Lithuania ready to support Ukraine militarily

Lithuania's ambassador to Ukraine says his country is ready to help Ukraine by all means, especially military

Photo by: Reuters
Photo by: Reuters

Updated Jul 28, 2015

Lithuania’s ambassador to Ukraine has reassured the Ukrainian government of military assistance if required and its capacity to facilitate the transfer of weapons to Kiev, which continues to struggle with the crisis in the east against the Russian-backed separatists.

"We are ready to help Ukraine by all means, especially military," the ambassador Marius Janukonis said to reporters on Sunday.

Janukonis has emphasised the importance of supporting Ukraine militarily and said Lithuania should set the bar amongst the European Union member states in assisting Ukraine’s war against the separatists.

Ukraine has claimed that nearly 9,000 Russian soldiers have been operating in the Donbass region side by side with the separatists against the Ukrainian army.
The deputy commander of Kiev’s “Anti-terrorist Operation Center” Sergey Galushko said on Friday Russia has been deploying on the border some additional troops whose numbers had reached at nearly 9,000 in the separatist eastern region despite a ceasefire signed in Minsk in February, which is still in force.

Galushko further claimed that Russian soldiers in the Ukrainian territories have 532 armoured vehicles, 153 cannons, 190 tanks, 89 multiple launch rocket systems, 66 air defence vehicles and four tactical missile systems.

He said that Russian soldiers have been assisting to an estimated 33,000 separatists who have unilaterally declared their own-republics by the help of Moscow.

The Organization of Security and Cooperation in Europe (OSCE) has recently said that the tension might be re-escalated gradually, although the belligerent parties still commit to a fragile peace accord which suggests to withdraw all heavy artilaries, as well as human powers from the frontline.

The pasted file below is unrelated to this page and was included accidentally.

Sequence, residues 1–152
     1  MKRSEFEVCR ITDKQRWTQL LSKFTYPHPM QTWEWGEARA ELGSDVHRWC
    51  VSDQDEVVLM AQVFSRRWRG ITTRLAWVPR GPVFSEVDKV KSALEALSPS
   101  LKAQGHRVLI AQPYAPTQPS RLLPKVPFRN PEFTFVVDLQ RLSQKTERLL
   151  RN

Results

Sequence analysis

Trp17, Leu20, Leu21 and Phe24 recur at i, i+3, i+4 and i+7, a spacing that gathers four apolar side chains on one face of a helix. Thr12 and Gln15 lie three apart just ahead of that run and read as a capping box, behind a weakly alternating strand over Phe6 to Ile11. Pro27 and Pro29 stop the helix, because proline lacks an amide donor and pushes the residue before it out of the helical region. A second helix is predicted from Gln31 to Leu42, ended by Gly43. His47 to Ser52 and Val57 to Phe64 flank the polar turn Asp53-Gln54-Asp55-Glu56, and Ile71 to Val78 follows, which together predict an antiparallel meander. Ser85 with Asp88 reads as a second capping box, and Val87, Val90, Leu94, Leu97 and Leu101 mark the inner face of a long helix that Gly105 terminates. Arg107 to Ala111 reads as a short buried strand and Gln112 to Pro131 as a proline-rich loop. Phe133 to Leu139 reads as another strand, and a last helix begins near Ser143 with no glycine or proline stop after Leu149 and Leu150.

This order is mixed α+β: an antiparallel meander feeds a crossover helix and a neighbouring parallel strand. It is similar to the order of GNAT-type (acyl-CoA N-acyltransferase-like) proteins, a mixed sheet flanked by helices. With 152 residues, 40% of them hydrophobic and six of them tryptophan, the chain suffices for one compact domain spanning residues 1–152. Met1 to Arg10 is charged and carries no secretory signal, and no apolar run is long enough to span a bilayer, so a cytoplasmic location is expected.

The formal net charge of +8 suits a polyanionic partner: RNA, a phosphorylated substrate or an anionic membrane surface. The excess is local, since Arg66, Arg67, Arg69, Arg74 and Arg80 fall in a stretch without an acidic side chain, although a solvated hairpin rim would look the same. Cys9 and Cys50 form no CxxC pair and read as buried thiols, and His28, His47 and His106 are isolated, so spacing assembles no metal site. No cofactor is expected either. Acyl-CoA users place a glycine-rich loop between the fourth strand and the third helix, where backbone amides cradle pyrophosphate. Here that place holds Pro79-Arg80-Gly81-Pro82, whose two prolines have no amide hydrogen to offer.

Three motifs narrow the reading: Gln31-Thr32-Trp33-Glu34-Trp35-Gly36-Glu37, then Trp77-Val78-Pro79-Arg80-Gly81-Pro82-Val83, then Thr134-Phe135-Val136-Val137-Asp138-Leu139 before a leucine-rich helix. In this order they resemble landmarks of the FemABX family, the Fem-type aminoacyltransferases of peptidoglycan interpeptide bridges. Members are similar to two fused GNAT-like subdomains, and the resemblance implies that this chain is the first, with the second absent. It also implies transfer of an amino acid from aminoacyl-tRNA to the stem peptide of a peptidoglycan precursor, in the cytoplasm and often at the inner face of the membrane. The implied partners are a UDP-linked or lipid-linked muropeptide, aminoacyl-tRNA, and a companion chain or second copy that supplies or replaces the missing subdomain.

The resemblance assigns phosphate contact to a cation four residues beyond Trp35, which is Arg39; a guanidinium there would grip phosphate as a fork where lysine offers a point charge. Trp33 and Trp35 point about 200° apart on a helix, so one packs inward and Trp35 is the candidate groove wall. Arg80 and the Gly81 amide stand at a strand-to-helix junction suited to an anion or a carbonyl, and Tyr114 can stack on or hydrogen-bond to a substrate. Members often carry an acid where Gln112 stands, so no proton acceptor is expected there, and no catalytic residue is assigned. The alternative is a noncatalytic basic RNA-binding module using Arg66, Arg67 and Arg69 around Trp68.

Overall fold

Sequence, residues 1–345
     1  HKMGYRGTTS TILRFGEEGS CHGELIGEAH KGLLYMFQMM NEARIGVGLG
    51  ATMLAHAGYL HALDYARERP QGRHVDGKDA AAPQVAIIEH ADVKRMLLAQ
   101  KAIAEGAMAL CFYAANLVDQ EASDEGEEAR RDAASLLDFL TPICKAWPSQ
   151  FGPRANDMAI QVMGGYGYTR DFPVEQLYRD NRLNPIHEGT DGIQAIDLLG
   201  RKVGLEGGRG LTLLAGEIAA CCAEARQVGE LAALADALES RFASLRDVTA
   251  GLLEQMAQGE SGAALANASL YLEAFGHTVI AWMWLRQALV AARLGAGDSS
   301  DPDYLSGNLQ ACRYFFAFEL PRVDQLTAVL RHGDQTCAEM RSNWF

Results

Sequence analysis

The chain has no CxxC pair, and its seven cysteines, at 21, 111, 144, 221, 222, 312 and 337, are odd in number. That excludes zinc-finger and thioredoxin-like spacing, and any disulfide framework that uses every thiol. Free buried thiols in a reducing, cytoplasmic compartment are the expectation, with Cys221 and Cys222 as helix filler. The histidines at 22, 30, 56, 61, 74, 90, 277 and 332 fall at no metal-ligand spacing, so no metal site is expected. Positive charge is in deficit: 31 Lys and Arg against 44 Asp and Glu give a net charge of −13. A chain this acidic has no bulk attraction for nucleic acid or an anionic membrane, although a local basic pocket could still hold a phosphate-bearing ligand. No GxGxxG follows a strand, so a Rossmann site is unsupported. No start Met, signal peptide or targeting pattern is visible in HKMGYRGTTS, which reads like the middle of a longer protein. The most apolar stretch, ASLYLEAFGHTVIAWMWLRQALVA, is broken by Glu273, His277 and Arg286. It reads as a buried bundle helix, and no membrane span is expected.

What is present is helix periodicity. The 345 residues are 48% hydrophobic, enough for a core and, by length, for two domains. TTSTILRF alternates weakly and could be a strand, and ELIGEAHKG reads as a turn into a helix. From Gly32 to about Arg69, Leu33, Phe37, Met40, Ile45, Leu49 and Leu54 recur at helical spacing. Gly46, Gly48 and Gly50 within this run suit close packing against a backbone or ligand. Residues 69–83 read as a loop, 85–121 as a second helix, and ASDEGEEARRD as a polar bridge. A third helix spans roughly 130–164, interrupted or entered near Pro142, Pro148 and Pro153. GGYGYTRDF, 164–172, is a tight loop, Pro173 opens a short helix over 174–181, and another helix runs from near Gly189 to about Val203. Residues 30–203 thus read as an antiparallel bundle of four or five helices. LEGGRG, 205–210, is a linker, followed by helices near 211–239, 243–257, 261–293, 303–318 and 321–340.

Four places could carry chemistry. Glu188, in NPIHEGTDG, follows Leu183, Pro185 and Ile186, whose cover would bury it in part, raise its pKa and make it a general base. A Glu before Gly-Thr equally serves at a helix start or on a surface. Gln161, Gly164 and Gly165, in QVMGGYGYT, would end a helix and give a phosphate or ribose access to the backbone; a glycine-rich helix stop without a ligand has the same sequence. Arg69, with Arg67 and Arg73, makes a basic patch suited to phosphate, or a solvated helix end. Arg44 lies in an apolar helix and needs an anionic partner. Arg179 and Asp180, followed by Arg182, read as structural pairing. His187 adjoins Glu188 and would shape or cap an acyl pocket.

The UN Human Rights Office reported in the  beginning of this month that there were some growing evidence of the Russian intervention without conclusive legal proof whereas death toll had increased to 6,420 people in eastern Ukraine during the 13 months of sporadic fierce fightings.  

Since Ukrainian authorities have shown two Russian soldiers who were captured during a battle with the pro-Russian separatists, both Ukraine and the West started to voice up against Russia’s alleged role in the country’s restive east.

Ukrainian Defence Minister Stepan Poltorak warned the international observers, which monitor the Ukraine conflict, that Russia has been keeping its frontline forces in the east where Kiev army and the separatists could resume fighting soon, although Moscow claims that it abides by the Minsk ceasefire.

Russia denies the accusations made by both Kiev and the West and says that its soldiers have only been patrolling the porous borders with the eastern Ukraine.

Moscow also said the two captives were former soldiers who had already left the military and they were very likely to be “volunteer soldiers” backing the separatists.

But the capture of the soldiers came just days after the release of a report published by the Russian opposition claiming at least 220 Russian soldiers were killed in the war in eastern Ukraine in the past year.

If the allegations are proven to be right, Russia might face off with the accusations of war crimes and potentially a trial at the International Criminal Court (ICC) which the Ukrainian Foreign Minister Pavlo Klimkin had previously announced his country plans to join in the near future.

The EU on Wednesday extended economic sanctions six months more due next January that had previously been imposed on Moscow last year following the Russian annexation of Crimea and its alleged roles in the eastern Ukraine crisis.

The Kremlin spokesperson Dmitry Peskov said on Wednesday that Russia's reaction would be based on the "principle of reciprocity" and Moscow would wait for an official EU announcement before making any move.

The EU foreign ministers on Monday are expected to have confirmed the Brussels’ decision to prolong economic pressure in order to dissuade Moscow which was accused of not abiding the Minsk ceasefire protocol regarding the conflicts in the Donbass region.

However, Putin stated on Tuesday that Russia was still committing the truce which he perceives as balanced and fair and said if Russia did not agree with its contents, it would not have signed it.

TRTWorld and agencies